The solution is thankfully quite simple: Edit the ERVW argument so that it has a default value of "all", this means it always exists and the second argument does fire and figure out the correct OG context puts it into the query and filtering actually works.

Obviously I went through various stages of thinking each handler was broken or that there was something weird about my newly created entity. But none of those things were true. The problem was simply one of configuration.

Hope that helps.

Saturday, 13 April 2013

Feed Sources and Self Nodes and Bears (oh my)

Seems it's been nearly a year since I last posted something. I can only say that I have been tied up with Drupal 6 projects and uninspiring Drupal 7 ones. However something interesting came up with a project of my own over the last day or so. So here we are:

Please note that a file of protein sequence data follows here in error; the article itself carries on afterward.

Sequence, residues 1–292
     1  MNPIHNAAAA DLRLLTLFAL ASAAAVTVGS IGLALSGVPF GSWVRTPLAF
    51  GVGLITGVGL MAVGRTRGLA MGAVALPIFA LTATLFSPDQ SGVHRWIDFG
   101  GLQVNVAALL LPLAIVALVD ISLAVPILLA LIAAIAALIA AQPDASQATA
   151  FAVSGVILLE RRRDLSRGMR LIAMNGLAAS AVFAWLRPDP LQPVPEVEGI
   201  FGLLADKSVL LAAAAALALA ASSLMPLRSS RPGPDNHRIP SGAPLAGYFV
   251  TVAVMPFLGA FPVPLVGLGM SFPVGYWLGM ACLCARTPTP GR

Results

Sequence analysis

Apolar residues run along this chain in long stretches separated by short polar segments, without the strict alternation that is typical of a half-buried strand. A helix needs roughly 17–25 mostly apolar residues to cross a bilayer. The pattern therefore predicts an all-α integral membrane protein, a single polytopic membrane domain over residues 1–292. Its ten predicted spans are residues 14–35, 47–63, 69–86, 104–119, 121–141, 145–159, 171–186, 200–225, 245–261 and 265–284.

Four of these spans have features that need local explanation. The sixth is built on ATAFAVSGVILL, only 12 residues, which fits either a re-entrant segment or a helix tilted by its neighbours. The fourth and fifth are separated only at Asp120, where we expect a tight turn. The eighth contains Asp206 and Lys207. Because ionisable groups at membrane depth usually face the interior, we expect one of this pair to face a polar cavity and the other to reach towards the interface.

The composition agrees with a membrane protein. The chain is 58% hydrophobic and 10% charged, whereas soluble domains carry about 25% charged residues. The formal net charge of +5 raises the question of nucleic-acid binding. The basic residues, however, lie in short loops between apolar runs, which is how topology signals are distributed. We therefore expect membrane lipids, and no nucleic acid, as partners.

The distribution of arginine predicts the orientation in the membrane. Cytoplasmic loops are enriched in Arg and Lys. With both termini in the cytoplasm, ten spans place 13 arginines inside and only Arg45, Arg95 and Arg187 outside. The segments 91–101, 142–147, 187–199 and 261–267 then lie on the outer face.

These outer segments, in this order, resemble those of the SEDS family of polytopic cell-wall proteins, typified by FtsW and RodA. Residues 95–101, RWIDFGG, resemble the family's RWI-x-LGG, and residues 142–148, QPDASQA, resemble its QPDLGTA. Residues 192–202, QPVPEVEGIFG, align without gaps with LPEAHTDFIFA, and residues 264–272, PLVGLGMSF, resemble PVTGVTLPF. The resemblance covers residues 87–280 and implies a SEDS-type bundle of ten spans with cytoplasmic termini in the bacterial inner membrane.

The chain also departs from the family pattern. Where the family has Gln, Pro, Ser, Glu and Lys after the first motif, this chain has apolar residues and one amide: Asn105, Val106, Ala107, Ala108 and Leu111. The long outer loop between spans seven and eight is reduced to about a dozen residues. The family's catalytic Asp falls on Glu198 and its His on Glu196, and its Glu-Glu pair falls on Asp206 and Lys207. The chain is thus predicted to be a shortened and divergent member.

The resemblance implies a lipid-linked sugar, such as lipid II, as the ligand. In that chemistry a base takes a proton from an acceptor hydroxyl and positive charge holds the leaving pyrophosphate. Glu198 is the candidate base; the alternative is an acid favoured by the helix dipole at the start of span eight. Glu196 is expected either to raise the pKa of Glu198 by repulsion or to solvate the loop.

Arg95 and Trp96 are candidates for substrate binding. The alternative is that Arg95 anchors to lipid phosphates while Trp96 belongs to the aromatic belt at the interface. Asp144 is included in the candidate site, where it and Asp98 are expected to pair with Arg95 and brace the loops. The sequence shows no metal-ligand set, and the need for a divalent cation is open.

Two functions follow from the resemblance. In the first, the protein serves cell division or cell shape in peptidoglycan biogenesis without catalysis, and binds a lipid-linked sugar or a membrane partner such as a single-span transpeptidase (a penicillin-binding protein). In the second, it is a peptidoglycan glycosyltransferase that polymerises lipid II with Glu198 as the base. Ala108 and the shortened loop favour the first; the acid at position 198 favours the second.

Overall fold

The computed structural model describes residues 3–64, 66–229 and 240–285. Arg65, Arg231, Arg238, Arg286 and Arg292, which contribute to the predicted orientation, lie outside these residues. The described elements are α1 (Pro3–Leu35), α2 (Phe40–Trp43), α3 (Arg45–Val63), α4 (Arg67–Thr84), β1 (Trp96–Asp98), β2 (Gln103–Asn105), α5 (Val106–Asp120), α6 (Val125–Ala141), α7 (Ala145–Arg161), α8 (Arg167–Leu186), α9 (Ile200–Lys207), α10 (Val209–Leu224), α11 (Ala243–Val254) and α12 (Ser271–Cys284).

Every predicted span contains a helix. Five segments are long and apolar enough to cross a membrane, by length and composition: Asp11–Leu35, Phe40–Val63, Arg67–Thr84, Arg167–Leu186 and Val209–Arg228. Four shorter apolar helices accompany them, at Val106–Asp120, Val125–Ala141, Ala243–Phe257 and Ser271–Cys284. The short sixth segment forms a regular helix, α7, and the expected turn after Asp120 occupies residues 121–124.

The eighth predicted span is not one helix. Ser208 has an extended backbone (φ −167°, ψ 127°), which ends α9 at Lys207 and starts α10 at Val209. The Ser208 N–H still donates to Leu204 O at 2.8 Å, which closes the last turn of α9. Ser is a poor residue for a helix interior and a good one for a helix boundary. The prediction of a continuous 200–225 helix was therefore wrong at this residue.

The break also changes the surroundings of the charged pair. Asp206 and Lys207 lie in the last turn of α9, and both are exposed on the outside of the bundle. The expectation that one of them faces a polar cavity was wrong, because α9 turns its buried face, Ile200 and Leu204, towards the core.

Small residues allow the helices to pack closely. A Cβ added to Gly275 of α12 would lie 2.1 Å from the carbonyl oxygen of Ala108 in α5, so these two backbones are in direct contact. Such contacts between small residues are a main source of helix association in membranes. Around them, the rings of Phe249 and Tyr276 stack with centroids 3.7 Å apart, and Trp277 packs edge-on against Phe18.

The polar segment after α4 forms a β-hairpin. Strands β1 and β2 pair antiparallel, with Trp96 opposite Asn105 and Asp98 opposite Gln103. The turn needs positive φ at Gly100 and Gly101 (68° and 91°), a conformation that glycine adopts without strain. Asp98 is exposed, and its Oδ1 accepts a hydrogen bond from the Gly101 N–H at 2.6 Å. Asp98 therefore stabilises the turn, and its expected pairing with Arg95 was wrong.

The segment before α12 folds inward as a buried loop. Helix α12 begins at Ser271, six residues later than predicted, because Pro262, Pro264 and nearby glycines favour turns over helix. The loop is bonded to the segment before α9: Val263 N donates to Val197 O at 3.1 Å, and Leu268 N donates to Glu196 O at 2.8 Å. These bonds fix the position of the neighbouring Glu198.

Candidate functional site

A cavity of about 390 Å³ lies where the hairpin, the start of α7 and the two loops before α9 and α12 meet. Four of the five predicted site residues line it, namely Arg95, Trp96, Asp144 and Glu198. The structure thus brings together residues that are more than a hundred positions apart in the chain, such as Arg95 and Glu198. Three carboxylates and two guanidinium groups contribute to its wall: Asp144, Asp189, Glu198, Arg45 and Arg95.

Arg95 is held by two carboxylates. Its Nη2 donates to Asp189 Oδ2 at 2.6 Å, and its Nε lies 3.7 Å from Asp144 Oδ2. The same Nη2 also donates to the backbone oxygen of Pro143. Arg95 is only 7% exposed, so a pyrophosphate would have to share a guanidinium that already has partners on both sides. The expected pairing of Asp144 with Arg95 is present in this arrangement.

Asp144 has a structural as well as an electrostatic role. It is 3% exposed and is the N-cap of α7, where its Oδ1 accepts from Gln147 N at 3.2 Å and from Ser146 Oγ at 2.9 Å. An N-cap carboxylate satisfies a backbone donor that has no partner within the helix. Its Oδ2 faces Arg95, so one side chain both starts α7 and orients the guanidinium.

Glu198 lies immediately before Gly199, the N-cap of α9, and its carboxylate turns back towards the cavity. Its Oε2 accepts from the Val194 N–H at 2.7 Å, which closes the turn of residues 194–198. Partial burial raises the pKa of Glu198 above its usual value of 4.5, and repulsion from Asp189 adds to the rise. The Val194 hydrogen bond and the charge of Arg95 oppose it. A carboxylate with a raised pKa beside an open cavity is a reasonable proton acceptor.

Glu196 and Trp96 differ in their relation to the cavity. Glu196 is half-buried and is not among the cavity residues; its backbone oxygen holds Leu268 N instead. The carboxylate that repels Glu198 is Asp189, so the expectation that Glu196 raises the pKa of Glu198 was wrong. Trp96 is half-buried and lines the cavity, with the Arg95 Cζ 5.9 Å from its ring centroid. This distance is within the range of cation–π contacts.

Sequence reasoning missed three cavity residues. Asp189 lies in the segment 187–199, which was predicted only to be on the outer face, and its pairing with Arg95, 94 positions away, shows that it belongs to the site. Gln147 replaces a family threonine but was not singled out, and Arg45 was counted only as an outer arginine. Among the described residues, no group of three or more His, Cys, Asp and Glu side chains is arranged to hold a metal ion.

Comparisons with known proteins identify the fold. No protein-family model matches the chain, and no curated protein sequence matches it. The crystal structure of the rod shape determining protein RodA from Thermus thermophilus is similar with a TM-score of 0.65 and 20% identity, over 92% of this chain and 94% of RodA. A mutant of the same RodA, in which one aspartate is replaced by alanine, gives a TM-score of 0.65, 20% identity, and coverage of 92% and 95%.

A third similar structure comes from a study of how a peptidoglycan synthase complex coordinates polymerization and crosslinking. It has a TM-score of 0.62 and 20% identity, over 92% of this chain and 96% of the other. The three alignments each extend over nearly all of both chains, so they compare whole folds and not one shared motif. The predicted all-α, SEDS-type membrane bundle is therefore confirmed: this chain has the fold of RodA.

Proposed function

The project in question involves creating a meta-search site on a specific subject with data gathered from various sites. Some of those sites have RSS feeds, some do not.

The Feeds module is fairly awesome if you need to get structured data from somewhere and turn it into nodes, or other entities. If you're reading, say from an RSS feed, it works out of the box and I must admit I was very impressed with what it can do. There's even a feeds crawler module that lets you scrape data.

I appreciate that may make some people feel awkward but this site does nothing except fetch information, allow someone to search and then direct the viewer to the original site. No more than Google or any other search engine.

However for this project there was an issue: even the RSS does not contain all the required information to fill the nodes created. To do that properly we have to go to the original page and scrape the relevant sections - for example, to get the full description and the tags that have been used.